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Memoirs of Stalker (Silvertail Books, 2016) is a blackly comic horror novel about an obsessive ex-boyfriend who breaks into the home of his former girlfriend and lives there for months without her knowing. Hilarity inevitably ensues.

How to be Cool (Icon Books, 2015) is a cultural guide to that most essential of qualities — a lightning introduction to the coolest people, pastimes and trends in history. Read this book, and you’re guaranteed to become at least 50% cooler.



Holy bloodsuckers! Is Batman a vampire? (The Sunday Times)

Warning! Low-flying pots. Greek Easter in Corfu (The Sunday Times)

What to do if you're surrounded by ravenous wolves (The Blueprint)

How companies with strong network effects are taking over the world (European CEO)

How well do you know your stuff? Take the Cool Quiz (The Guardian)

Everything you ever wanted to know about coolness (The Irish Times)

What Donald Trump doesn't understand about irony (Slate)

Why old people are cooler than young people (The Daily Telegraph)

Gerald Laing, the artist that made a war zone go pop (Financial Times)

Fancy joining a new literary movement? The launch of the Method Writers (The Independent)

Intellectual, moi? An intro to five French thinkers (The Sunday Times)

The blight of Cultural Name Fatigue (The Independent)

"Sex with you is really a Kafkaesque experience" – unpicking the genius of Annie Hall (The Irish Times)

Why the Bad Sex Prize is still funny, and still needed, after all these years (The Sunday Times)

How to nail an intellectual name-dropper (The Daily Telegraph)

Where are the British intellectuals? (The Sunday Times)

Now let us praise bearded men (GQ)

Time to make a stand against the absurdities of copyright law (Daily Beast)

Beware of Greeks bearing gifts? Actually, no (New Statesman)

Might your ex be secretly living in your home? (The Sunday Times)

Benedict and I: My fond reminiscences of acting with Benedict Cumberbatch at Harrow (The Sunday Times)

Resoundingly quiet applause, please, for the anti-celebrities (The Sunday Times)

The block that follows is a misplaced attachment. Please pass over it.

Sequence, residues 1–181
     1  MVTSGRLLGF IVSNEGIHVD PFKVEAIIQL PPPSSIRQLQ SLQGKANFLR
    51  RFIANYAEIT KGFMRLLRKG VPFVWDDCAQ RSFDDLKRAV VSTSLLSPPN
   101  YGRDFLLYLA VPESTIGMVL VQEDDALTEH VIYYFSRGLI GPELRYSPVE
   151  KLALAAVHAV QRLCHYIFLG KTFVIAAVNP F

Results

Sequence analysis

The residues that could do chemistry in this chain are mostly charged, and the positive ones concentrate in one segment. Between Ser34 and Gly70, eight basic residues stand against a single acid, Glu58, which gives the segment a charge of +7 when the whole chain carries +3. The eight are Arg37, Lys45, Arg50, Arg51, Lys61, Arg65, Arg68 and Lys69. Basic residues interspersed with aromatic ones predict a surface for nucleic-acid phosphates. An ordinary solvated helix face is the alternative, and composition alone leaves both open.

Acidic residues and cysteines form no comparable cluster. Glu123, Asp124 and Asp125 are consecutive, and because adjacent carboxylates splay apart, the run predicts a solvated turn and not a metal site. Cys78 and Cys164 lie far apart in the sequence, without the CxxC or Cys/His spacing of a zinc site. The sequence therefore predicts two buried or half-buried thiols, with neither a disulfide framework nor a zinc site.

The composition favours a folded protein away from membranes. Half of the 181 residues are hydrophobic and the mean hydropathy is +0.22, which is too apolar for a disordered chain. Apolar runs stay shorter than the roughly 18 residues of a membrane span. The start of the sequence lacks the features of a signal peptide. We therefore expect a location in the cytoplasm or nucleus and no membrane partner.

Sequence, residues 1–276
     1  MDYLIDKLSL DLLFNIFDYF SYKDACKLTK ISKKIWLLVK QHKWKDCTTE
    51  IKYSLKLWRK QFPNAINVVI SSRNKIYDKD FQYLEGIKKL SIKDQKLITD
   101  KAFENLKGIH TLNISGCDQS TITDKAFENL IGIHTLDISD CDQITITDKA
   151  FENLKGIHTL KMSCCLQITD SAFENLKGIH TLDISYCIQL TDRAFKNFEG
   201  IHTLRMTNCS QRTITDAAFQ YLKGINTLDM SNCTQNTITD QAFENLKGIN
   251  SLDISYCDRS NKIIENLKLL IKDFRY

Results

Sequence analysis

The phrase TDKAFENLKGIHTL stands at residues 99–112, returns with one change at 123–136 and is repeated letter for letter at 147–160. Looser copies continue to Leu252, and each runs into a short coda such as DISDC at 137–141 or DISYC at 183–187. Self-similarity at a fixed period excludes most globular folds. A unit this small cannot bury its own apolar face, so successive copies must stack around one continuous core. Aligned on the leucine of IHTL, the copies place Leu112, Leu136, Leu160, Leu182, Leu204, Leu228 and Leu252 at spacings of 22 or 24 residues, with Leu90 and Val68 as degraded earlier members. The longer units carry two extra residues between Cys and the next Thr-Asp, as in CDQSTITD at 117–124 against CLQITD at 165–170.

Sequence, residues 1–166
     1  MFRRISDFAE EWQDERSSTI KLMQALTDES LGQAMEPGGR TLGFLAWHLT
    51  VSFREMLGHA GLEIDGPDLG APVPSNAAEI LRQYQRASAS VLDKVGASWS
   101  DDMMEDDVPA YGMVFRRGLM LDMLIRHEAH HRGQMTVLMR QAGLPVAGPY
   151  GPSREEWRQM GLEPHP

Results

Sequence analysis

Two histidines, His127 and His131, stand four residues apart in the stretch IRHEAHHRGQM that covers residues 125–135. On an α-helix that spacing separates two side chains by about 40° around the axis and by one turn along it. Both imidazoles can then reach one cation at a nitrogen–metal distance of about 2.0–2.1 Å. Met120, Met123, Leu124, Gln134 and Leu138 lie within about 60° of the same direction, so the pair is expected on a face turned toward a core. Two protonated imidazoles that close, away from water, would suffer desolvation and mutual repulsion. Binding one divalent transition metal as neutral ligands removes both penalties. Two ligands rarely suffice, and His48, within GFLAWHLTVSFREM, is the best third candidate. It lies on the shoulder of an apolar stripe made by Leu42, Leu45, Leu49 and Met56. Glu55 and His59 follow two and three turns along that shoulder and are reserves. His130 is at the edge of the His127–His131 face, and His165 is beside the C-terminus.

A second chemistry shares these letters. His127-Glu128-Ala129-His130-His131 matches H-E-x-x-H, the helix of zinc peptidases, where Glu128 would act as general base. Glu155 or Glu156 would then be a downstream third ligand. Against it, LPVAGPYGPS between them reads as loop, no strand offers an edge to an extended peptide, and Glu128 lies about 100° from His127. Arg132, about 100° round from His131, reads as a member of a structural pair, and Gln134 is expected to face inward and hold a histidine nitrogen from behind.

The song that changed rock music forever (The Sunday Times)

Mwa-ha-ha. A literary festival in Transylvania (The Spectator)

Trapped in the world's smallest country (The Independent)

There was an old man of Corfu (The Spectator)

How Corfu nearly became Scientology Central (The Spectator)

Swimming from Albania (The Guardian)

BOOK reviews

Nemesis: Alcibiades and the Fall of Athens by David Stuttard

The Mind is Flat: The Illusion of Mental Depth and the Improvised Mind by Nick Chater

[Desperately Seeking Self-Improvement by Andre Spicer and Carl Sederstrom; in Literary Review]

Viking Britain: An Exploration by Thomas Williams

The Darkening Age: The Christian Destruction of the Classical World by Catherine Nixey

Stiff Upper Lip: Secrets, Crimes and the Schooling of a Ruling Class by Alex Renton

Round-up of graphic novels

SPQR: A History of Ancient Rome by Mary Beard

Weeping Britannia: Portrait of a Nation in Tears by Thomas Dixon

The Great British Dream Factory: The Strange History of our National Imagination by Dominic Sandbrook

Harry Mount's Odyssey: Ancient Greece in the Footsteps of Odysseus by Harry Mount

Special Deluxe by Neil Young

Tennessee Williams: Mad Pilgrimage of the Flesh by John Lahr

How to Be a Husband by Tim Dowling

The Baby Boom by P.J. O’Rourke

The Dark Box: A Secret History of Confession by John Cornwell

Inside the Dream Palace: The Life and Times of New York’s Legendary Chelsea Hotel by Sherill Tippins

The Collaboration: Hollywood’s Pact with Hitler by Ben Urwand

The Prince of Medicine: Galen in the Roman Empire by Susan P. Mattern

Tangier: A Literary Guide for Travellers by Josh Shoemake

Island: How Islands Transform the World by J. Edward Chamberlin

Confronting the Classics by Mary Beard

The Rise of Rome: The Making of the World’s Greatest Empire by Anthony Everitt

Blasphemy by Sherman Alexie

Sorry! The English and their Manners by Henry Hitchings

The Redgraves: A Family Epic by Donald Spoto

The Richard Burton Diaries edited by Chris Williams

The Big Screen: The Story of the Movies and What they Did to Us by David Thomson

Once Upon A Time: The Lives of Bob Dylan by Ian Bell

Wives and Stunners by Henrietta Garnett

Gold by Chris Cleeve

The Twelve Caesars by Matthew Dennison